Verettnoted that he has been gratified by the support that virtually every member ofthe Texas delegation displayed for the underlying bill and the additionalinvestments that it would make in key program areas.

      Justas important to the final disposition of the legislation according to Verettwas the equally strong support members of the Texas delegation showed for theidentification and use of revenue enhancers to provide the $10 billion inadditional funding that will increase support levels for nutrition, specialtycrop and conservation programs.

 

2007 Systems Agronomic and Economic
Evaluation Program Report Now Available

Friday, March 7, 2008                                By Shawn Wade

      TexasAgriLife Extension Service Cotton Specialist Dr. Randy Boman has completed his2007 report detailing the results of the highly popular “Systems Agronomic andEconomic Evaluation of Cotton Varieties in the Texas High Plains.”

      Acomplete portable document format (PDF) version of the report can be downloadedfrom the Lubbock Texas AgriLife Extension website at:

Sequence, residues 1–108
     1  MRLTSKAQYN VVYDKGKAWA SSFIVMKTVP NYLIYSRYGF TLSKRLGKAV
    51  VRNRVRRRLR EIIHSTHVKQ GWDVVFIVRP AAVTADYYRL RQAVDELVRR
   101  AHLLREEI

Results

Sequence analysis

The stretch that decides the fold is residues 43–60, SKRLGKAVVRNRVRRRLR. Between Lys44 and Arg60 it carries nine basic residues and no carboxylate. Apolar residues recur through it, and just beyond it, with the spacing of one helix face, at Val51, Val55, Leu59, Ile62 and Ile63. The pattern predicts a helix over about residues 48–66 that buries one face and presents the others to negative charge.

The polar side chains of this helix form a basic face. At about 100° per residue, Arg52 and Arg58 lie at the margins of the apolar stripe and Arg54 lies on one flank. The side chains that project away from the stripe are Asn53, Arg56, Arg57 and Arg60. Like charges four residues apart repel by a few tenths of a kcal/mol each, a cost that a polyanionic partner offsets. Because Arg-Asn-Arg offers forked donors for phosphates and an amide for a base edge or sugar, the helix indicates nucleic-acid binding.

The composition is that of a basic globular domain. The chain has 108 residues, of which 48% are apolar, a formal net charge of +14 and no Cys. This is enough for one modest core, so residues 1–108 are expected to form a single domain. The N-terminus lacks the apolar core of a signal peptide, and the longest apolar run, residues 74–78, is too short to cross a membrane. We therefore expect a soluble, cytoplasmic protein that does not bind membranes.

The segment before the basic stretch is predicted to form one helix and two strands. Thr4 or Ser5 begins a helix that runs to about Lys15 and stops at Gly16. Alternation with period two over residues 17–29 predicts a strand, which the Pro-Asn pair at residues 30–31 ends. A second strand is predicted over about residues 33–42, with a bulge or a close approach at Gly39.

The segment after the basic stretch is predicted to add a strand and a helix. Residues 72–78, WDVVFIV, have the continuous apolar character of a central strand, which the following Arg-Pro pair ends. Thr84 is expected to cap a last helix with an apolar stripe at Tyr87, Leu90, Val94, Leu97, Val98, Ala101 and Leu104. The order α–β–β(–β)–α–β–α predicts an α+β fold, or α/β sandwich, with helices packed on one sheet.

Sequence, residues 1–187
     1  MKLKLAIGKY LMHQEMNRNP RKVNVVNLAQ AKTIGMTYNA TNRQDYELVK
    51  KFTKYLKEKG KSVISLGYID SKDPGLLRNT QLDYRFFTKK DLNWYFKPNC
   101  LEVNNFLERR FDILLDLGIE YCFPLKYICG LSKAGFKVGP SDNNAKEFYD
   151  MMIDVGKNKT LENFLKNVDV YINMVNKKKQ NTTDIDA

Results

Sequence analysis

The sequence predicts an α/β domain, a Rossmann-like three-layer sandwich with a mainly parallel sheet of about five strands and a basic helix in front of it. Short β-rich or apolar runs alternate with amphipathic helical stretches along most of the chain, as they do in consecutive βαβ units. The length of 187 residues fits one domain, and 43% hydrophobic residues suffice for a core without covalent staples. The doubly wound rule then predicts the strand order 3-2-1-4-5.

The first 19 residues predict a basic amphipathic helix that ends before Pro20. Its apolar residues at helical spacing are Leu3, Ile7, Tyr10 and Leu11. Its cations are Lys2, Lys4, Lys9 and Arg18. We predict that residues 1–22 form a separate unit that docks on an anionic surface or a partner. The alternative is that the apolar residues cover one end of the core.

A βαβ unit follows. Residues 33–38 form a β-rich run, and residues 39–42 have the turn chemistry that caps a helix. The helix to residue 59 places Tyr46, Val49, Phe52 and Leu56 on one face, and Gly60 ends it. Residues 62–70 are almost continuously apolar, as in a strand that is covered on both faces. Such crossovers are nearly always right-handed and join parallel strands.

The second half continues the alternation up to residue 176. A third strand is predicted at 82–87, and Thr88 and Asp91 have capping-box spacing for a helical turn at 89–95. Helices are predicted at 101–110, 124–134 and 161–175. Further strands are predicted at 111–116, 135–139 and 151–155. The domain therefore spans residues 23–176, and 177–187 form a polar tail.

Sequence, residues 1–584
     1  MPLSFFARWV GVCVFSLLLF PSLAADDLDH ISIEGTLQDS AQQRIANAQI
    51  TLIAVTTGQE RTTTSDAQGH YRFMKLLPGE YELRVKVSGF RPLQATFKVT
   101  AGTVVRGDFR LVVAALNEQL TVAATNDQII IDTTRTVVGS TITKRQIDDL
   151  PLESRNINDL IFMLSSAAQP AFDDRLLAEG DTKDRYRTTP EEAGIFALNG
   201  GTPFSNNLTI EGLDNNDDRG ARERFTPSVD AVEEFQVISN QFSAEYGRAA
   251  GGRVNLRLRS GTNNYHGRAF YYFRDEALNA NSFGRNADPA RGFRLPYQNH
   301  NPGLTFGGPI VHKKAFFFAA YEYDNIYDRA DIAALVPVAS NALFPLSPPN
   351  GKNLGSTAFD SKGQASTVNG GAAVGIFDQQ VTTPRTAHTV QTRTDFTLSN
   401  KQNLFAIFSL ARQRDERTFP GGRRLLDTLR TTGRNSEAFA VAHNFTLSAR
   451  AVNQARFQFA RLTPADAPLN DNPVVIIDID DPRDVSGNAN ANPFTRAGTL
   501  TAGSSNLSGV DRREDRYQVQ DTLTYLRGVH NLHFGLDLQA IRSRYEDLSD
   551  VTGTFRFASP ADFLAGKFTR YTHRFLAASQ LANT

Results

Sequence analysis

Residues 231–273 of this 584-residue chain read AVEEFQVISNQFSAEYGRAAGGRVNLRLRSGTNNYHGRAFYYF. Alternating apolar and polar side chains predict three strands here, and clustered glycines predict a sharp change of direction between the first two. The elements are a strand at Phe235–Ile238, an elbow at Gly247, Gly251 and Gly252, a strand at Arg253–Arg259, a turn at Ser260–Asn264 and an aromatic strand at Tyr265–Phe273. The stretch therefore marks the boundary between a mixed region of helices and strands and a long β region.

http://lubbock.tamu.edu/cotton/pdf/2007pcipreport.pdf

      Thisyear’s report features final agronomic and economic analysis for selectedcotton varieties planted in the program’s three large-scale variety trialsconducted by Dr. Boman and supported through the Plains Cotton Growers, Inc.Plains Cotton Improvement Program (PCIP).

      Inaddition to the agronomic and economic analysis comparing cotton seed varietiesplanted at the three “Systems” test locations in 2007, information from avariety of High Plains variety trials conducted in both irrigated and drylandconditions are included in the 2007 report.

      “The‘Systems Agronomic and Economic Evaluation’ program report is a document cottongrowers on the High Plains have come to rely on when they sit down to makeplanting decisions,” says PCIP Chairman Dale Swinburn of Tulia. “Combined withthe PCG Seed Cost Calculator this report is a valuable resource for growerstrying to weigh the many choices that are available in the marketplace today.”

 

51st Plains CottonGrowers, Inc.

Annual Meeting

 

Friday, April 4, 2008
Lubbock Mem. CivicCenter

Registration - 8:30 a.m. • ProgramStart -9:00 a.m.

 

Keynote Speaker:

Jerry Hagstrom

Political and Agricultural Analyst& Reporter,

Washington, DC

Featured Topics:
2008 CommodityPrice/Energy Outlook

Farm Program Update

 

Cotton Inc To Offer Free Cotton Marketing
Workshop; Reserve Your Spot Today

      Get your calendars out andplan to attend this year’s “Cotton Price Risk Management and Pricing StrategiesSeminar” sponsored by Cotton Incorporated, in cooperation with Plains CottonGrowers, Inc.